Photo Credit: David O’Donohue
The first side of COIN that we’re exposed to on the band’s third album Dreamland is a solid but overall unspectacular cluster of synth-rock tunes, enjoyable and bouncy but largely interchangeable with pretty much any of the similar music sounds out there. “Into My Arms”, in particular, is also unhelped by clichéd lyrics (“And yes I’ve been changing // For me and not you // Smile for the camera // Here’s a shot in the dark”), which start with the title. Still, “I Want it All” is structured with just the right hint of a blues influence, while “Simple Romance” also introduces vocalist Chase Lawrence’s formidable skill in creating memorable basslines on the synthesizer, which he plays throughout the record (as an asset which will resurface on several later tracks, including “Valentine”).
It’s really not until four tracks in that Dreamland truly wakes up and comes into its own. First with “Crash My Car”, a quirky and original “tribute” to an estranged lover (“You can crash my car tonight // Go out wasting all my time and money // I love the way you’re breaking my heart”), which may put some in mind of Morrissey, and the Smiths in their late-stage “Girlfriend in a Coma” era. “Cemetery”, possibly the album’s best track, then reaches even further back in its British influence to a Dickensian lyrical theme based on the classic you-can’t-take-it-with-you adage (“Never made time for the family… // Only made time for the company // But he is the richest man in the cemetery”).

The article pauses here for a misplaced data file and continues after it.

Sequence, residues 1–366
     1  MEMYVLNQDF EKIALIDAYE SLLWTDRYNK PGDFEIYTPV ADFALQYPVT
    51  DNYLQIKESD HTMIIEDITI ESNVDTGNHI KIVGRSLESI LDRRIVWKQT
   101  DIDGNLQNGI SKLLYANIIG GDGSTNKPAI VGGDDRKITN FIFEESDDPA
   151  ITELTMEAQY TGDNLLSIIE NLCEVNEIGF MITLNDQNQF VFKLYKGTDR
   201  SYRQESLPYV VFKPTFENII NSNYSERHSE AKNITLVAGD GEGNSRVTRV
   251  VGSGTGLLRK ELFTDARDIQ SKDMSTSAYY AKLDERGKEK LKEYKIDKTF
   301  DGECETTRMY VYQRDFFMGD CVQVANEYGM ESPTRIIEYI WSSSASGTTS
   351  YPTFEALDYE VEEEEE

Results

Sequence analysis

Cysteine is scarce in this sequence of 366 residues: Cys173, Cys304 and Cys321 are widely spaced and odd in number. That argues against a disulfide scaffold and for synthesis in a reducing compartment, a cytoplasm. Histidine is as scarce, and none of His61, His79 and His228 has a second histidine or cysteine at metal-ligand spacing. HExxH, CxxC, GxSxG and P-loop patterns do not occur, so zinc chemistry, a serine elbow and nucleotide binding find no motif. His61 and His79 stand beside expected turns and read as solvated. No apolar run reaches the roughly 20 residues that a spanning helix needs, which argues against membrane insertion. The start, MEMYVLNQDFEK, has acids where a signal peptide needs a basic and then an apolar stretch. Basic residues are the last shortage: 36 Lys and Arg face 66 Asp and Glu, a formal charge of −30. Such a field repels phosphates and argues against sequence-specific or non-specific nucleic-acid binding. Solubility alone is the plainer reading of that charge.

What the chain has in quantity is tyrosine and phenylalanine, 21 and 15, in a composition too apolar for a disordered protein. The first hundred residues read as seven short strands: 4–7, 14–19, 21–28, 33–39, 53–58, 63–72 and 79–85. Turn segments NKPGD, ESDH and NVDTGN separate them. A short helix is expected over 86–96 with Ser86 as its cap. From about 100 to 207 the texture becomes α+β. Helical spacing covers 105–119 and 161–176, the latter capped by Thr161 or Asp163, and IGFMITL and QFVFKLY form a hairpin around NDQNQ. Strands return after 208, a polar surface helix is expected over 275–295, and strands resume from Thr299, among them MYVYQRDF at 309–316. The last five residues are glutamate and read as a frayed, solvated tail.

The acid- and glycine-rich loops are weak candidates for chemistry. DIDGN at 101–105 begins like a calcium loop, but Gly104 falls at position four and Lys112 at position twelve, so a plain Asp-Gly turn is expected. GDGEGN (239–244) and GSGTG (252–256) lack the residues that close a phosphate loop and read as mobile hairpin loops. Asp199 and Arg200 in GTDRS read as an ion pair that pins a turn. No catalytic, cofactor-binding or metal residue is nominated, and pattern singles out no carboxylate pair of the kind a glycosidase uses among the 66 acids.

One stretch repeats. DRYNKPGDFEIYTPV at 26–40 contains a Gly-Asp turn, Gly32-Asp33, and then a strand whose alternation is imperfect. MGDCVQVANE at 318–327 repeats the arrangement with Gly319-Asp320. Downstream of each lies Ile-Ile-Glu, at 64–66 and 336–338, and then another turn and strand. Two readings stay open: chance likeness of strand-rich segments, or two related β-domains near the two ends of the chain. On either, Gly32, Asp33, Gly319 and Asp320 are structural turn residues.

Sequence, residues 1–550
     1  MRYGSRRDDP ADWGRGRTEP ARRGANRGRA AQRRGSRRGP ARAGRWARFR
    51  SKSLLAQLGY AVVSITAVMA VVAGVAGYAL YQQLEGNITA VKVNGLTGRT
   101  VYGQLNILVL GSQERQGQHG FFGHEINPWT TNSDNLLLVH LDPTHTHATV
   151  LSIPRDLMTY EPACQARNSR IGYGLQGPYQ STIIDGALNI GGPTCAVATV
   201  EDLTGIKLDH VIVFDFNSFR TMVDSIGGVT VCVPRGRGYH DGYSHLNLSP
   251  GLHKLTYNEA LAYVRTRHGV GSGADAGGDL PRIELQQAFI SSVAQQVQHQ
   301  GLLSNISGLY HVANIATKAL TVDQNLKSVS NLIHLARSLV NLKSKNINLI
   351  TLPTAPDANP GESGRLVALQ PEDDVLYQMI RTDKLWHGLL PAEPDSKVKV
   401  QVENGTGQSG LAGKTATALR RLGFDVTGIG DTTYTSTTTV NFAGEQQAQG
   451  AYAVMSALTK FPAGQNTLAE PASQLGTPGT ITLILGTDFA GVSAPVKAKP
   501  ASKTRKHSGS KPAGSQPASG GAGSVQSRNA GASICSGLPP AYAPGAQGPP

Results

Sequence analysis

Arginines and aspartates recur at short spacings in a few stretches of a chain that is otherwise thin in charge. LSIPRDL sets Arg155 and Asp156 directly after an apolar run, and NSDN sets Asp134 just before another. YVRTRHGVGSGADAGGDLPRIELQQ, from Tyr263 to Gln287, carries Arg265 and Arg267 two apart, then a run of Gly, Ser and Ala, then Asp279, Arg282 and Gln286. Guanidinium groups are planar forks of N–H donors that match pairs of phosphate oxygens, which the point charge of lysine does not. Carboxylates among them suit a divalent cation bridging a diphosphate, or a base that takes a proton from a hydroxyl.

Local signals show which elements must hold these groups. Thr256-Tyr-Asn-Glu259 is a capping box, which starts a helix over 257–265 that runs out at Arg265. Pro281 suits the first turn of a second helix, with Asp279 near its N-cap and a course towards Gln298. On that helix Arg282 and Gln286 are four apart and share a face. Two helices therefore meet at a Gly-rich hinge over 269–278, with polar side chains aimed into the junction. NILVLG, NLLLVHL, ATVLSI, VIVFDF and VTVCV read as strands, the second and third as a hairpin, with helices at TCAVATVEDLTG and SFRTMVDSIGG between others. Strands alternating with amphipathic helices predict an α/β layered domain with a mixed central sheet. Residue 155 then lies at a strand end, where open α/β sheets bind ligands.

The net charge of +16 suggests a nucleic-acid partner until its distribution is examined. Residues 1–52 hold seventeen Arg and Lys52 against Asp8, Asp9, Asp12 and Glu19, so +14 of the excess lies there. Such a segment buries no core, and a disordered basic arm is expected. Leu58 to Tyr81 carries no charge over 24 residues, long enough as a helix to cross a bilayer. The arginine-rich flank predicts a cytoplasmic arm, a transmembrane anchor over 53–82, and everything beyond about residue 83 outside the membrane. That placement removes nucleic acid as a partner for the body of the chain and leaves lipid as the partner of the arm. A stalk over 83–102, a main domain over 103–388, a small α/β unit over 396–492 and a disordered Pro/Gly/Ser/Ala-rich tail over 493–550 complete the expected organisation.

Another standout cut, “Youuu” (not a typooo), which incorporates minor notes at exactly the right places, is also strongly reminiscent of classic British synthpop (particularly Orchestral Manoeuvers in the Dark). However, the Nashville natives do exhibit their American roots as well, particularly on “Babe Ruth”, which is not just obviously named after one of our country’s all-time most iconic baseball stars but musically hints more than just a bit at another great New York City export, the Talking Heads’ “This Must Be the Place (Naïve Melody).” But COIN then balance the British and American influences with another strong synth bassline on “Never Change”, which sounds quite similar to the classic bassline which was used on both Grandmaster Flash’s hip-hop classic “White Line” and then (in a slight variance) on Big Audio Dynamite’s “The Bottom Line.”
“Babe Ruth” also includes lyrics that refer to “swinging for the fences,” which COIN certainly does attempt on Dreamland, although foul tips tend to run about 50-50 with the home runs. COIN does definitely shine on some tracks, while on others they seem to be minted more as a Foster the People that we’d be willing to keep only for the weekend (Monday, the latest). As for the album itself, as anyone who’s ever had an actual dream – or at least saw the movie Inception – will tell you, dreams almost always seem much longer than they actually are, and at fourteen cuts with only limited variety, Dreamland is no exception. Frankly, the album may be an argument for the increasingly common practice of releasing tracks individually…COIN might just work better as loose change.